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snmpconf Problems with capabilities table




I have some problems with the capabilities table as it stands and
suggest a major change. Here's the details:

Problems with capabilities table:

1. General: It is a bad idea to suggest that capabilities OIDs map to
   base OIDs of tables or MIBS or that capabilities are tied to the
   implementation of a MIB. While it's true that many times we're 
   interested in whether we'll be able to set a particular MIB 
   variable, often we need something different:

   What if there's a MIB with a single table that represents multiple
   (optional) capabilities? The ethernet MIB supports both full-duplex
   and half-duplex ethernet, yet I want both 'ethernet' and
   'full-duplex-ethernet' as capabilities. Which capability does the
   base OID represent?

   What about a table that's been implemented yet the underlying
   feature isn't available. If I pull all diffserv-capable cards out
   of a router, does the diffserv table disappear? (in other words,
   does the MIB fate-share with the capability?) If the
   diffserv-capable cards are unplugged I need capMatch() to return
   false so that I can try a different mechanism, yet it seems like
   this could come in conflict with the mandate to describe the 
   implementation of the diffserv MIB. This really raises the question
   as to whether we're describing the capabilities of an agent or the 
   capabilities of the managed system. I think the answer needs to be 
   the latter.

   What if we have a capability for which there's no MIB defined yet?

   What does a capability of mib-2.etherMIB mean? What are the minimal
   acceptable requirements of claiming etherMIB as a capability? Where
   is it written? (it isn't written in the ether MIB unless you're just
   talking about MIB objects and that's insufficient). BTW, which
   version of the etherMIB are we referencing anyway?

   I think we should view capabilities as things like:
     ethernet
     full-duplex ethernet
     Unix
     diffserv
     802
     TailDropper
     HeadDropper
     WeightedFairQueueing
     ...

   Not all of these are going to map to MIBs or tables. The
   granularity is often different.

   I think the modelling process should be:
     - Decide which capabilities are important to policy-writers
     - Decide what the capability conceptually is
     - Define what it means to have that capability (this isn't
       clarified by a pointer to a MIB)
     - Decide what OID to use (a MIB or table OID might be perfectly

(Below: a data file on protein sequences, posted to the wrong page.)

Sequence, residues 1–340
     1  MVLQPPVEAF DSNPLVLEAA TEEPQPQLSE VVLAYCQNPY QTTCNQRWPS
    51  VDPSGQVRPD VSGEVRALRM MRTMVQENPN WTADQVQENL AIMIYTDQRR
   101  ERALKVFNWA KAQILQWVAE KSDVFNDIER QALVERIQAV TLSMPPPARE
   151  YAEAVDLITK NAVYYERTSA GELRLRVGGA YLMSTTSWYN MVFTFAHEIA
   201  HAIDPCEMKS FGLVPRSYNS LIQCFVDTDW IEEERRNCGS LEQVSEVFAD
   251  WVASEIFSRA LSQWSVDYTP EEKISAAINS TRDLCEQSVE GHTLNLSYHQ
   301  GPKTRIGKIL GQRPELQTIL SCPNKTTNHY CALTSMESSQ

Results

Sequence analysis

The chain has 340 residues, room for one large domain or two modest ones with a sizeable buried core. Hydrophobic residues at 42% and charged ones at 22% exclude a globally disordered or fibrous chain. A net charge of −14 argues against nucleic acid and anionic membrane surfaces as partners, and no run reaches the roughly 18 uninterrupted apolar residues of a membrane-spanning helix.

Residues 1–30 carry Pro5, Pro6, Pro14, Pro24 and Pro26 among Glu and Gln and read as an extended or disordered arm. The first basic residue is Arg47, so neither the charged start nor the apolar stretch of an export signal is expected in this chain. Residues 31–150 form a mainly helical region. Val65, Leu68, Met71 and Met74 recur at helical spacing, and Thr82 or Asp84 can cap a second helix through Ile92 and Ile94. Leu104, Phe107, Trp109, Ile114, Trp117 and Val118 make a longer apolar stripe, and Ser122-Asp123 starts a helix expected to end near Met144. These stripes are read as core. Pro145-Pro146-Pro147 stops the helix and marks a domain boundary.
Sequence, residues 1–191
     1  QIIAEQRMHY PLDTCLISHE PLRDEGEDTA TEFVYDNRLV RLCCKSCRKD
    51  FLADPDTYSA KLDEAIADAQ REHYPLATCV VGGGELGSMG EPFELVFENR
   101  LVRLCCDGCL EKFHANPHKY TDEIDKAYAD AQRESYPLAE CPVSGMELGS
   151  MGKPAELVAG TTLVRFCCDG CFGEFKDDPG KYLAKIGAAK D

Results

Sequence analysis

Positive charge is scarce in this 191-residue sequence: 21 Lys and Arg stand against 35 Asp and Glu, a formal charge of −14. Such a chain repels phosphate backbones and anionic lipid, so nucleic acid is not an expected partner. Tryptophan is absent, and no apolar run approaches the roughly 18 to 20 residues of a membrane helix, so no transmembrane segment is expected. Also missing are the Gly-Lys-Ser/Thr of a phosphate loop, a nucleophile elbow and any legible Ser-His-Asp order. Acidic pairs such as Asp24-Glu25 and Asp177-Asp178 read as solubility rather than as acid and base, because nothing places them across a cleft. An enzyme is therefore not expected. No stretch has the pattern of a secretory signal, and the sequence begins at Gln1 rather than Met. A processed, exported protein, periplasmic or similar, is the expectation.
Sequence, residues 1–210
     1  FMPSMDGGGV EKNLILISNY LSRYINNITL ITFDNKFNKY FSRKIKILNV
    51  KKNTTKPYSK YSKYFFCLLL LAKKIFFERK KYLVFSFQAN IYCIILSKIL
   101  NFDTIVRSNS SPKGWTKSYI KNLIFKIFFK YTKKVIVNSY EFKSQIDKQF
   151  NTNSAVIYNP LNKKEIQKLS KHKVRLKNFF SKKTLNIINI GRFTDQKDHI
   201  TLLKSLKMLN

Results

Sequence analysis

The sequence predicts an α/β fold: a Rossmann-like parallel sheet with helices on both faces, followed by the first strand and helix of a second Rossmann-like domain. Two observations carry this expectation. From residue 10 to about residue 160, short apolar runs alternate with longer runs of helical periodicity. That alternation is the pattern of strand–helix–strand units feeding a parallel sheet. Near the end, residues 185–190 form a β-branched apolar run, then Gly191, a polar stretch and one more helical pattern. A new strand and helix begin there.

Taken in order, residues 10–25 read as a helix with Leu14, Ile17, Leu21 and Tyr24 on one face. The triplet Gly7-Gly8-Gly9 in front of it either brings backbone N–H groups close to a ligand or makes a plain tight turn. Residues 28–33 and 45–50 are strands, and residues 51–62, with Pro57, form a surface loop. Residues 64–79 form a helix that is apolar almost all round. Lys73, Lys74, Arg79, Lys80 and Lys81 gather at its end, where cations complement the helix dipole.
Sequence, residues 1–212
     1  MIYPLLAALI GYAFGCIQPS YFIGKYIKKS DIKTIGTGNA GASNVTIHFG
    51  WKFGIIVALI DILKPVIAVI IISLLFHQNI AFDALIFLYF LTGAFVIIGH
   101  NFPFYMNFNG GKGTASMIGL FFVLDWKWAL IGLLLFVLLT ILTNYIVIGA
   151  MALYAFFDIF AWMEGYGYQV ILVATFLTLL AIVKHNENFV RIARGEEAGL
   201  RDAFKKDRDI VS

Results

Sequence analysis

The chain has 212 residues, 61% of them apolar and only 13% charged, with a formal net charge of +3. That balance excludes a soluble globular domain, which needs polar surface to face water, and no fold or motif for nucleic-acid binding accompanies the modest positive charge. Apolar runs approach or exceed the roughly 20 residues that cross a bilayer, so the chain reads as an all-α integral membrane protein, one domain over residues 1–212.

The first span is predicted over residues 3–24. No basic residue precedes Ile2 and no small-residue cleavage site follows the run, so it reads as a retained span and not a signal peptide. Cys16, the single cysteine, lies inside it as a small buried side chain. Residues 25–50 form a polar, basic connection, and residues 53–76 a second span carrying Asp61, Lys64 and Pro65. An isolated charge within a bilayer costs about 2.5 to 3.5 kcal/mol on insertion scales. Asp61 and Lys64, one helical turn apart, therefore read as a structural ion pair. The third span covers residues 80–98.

fine, so is an OBJECT IDENTITY)

2. (Special case of above, but particularly heinous): If the router is
   diffserv capable but interface #7 isn't, I need
   capMatch('diffserv') to return false for interface #7 even if it
   returns true for all other interfaces. In this case the agent has
   the capability but the element doesn't. Are we going to describe
   agent caps on an element-by-element basis?

3. There has to be an agreement by all implementors not only on what
   OID to use, but also on the list of capabilities and that if you
   don't advertise a capability then you don't have it. We can't have
   a situation where no mention might mean 'no comment'.

   The way the pmCapabilitiesModification* stuff is set up there's no
   mandate at what you have to declare as a modification. There's no
   way to depend on a vendor to declare stuff they don't do. There's
   no way to know whether lack of TailDrop is handled as a
   modification to diffServAlgDropType or as a discrete OID. Maybe
   the vendor has a TailDrop table and they advertise this feature by
   referencing its OID.

   Note that Agent Caps isn't used (or useful) because vendors don't
   want to go out of their way to admit what they don't do. I don't
   expect that to change here.

4. What do I do when a particular capability is linked with a table
   that has dozens of modifications? The table isn't well structured
   for that. There are many columns that would be needlessly and
   confusingly repeated.

5. Filling out the modifications ends up in way, way more granularity
   than we want in a capabilities table. The only reason something
   MUST be a capability is so that we can conditionally download a
   policy based on it. Capabilities MAY also be helpful in rolling up
   things so that a filter doesn't need to inspect mib objects to
   figure it out. But policies are not going to be replaceable with
   this level of granularity ("the agent doesn't support retrievals of
   ifOutNUCastPkts, so download the version of the policy that doesn't
   use ifOutNUCastPkts" - not likely).

   There's also no way for the implementor of the caps table to know
   how to judge whether or not a particular deviation rises to the
   right granularity or not.

6. The capMatch function only matches the pmCapabilitiesType object so
   the rest is a no-op anyway. And if we were to try to fix this the
   capMatch function would become hopelessly complicated.

7. (Minor) What is the "base oid"? Is it ifEntry, ifTable, interfaces,
or
   mib-2? What if vendor A advertises ifTable and vendor B advertises
   ifEntry?


My suggestion is that we pare down the capabilities table to just:

PmCapabilitiesEntry ::= SEQUENCE {
    pmCapabilitiesIndex              Unsigned32,
    pmCapabilitiesType               OBJECT IDENTIFIER
}

and that we define capabilities such that the following are natural
examples:
     ethernet
     full-duplex ethernet
     Unix
     diffserv
     802
     TailDropper
     HeadDropper
     WeightedFairQueueing
     ...

We'll also need to start soon defining what the initial set of standard
capabilities should be.


Steve